"CPFF President Mike Frainier, who sits on the Trust’s board, says the Trust has been hugely successful and popular among Colorado fire fighters, providing essential benefits in a more efficient manner than with the state’s cumbersome workers’ compensation process.”
As noted by the Trust:
“In 2007, statutory changes in Colorado presumed cancer to be a workers’ compensation issue for firefighters. The intent was to ensure quality care for the state’s fire service professionals. But for firefighters affected by cancer, this often meant long legal battles and invasive medical inquiries to obtain benefits.”
Yes, it is an “alternative” program. No, it is not one of the vehicles participating in the “race to the bottom.”
In California, so-called alternative dispute resolution (ADR) programs can allow labor and management to, “… negotiate any aspect of the delivery of medical benefits and the delivery of disability compensation to employees of the employer or group of employers that are eligible for group health benefits and nonoccupational disability benefits through their employer.” [Labor Code § 3201.7(b)(2)]
Should not the DOL and others encourage this type of behavior and not continue a decades-long diatribe that has as its essence trying to figure out how workers’ compensation can alleviate financial stress on Medicare, Social Security and healthcare plans under the Affordable Care Act?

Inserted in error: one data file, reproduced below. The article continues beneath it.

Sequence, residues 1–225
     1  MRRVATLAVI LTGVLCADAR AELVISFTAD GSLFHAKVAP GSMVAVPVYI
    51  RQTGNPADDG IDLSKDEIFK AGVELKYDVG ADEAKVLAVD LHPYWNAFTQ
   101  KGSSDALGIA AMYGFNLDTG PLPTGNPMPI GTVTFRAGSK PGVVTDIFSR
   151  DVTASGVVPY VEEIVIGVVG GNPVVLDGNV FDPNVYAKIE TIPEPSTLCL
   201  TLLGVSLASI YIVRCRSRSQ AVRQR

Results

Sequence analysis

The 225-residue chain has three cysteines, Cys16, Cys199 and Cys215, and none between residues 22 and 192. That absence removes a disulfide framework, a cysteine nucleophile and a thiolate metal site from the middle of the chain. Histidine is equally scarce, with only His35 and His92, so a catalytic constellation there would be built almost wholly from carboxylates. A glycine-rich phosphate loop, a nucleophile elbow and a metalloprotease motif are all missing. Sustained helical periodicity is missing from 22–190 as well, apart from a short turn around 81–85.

See also: The Future Isn’t What It Used to Be
Return to Work
The report also predates, by almost two decades, the Americans With Disabilities Act (ADA) (1990) and was published over 30 years prior to the Americans with Disabilities Act Amendments Act of 2008 (ADAAA). These subsequent acts could reasonably call into question the report’s unqualified endorsement of second injury funds – or, as it is known in California, the Subsequent Injury Benefits Trust Fund (SIBTF).
Then there are the various initiatives trying to place more people in the workforce. Per the DOL – the same DOL characterizing workers’ compensation reforms over the past few decades as being a “race to the bottom” – the most recent of this was when: